Originally a Suazo, from Taos Pueblo, she married into Santa Clara Pueblo. The rest is pottery history.
Known for her elegant and finely detailed sgraffito carving, Bernice has passed her gift on to her children, Carolyn Elliott and Dusty Naranjo, and grandson Jonathan Naranjo, all multiple award-winners, as is Bernice, and her extended family.
As seen in this beautiful and complex seed pot, her work is not only handsome, but requires as much skill as artistry.
It represents many hours of work, from gathering the clay, to mixing, coiling, smoothing, firing, stone-polishing, and etching the design – all by hand.
The variations in brown hues require multiple firings in an outdoor pit, just as in ages past; tricky, and time-consuming.
Two sinuous bands, with incised dragonflies, wind around the beautifully proportioned oval of the pot.
Dragonflies represent the good fortune of water, since they live above and near waterways.
The bottom band is stone polished in a deep siena hue, with the dragonflies in strong contrast.
The other, longer band coils gracefully from the bottom to the very top of the seed pot.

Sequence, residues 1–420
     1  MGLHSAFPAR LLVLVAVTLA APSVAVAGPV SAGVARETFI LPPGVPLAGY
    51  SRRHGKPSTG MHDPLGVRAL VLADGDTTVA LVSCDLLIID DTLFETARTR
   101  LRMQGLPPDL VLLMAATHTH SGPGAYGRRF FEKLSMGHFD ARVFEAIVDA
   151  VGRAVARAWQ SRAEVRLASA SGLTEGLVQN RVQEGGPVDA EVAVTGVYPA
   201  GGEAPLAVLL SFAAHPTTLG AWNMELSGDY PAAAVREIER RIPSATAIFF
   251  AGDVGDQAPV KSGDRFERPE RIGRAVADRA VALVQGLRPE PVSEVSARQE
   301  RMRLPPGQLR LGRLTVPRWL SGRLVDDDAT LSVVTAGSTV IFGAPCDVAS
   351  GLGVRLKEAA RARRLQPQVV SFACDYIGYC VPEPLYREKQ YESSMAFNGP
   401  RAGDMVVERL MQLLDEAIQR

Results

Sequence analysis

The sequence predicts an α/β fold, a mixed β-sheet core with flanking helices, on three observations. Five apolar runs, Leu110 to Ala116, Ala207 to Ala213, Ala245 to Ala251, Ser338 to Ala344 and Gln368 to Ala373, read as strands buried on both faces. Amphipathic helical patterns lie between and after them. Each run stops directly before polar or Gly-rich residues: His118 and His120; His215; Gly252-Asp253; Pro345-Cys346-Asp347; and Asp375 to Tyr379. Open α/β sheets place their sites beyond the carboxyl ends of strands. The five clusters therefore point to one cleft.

Here, the background of the band is left matte, with etched lines as delicate as filaments, and larger, deeply incised dragonflies.
Take a close look, and notice that every dragonfly has a different design on its body.
All over the rest of the pot, stone-polished, deep brown leaf forms are more deeply, and precisely, etched into the beige base clay.
Water promotes healthy plants, crops and harvests, and healthy, happy people by extension.
Although the design is her own creation, and therefore, modern, the inspiration, material and techniques are traditional.
A splendid example of the famous Naranjo expertise, and intricate design, this is a brilliant pot, in every way.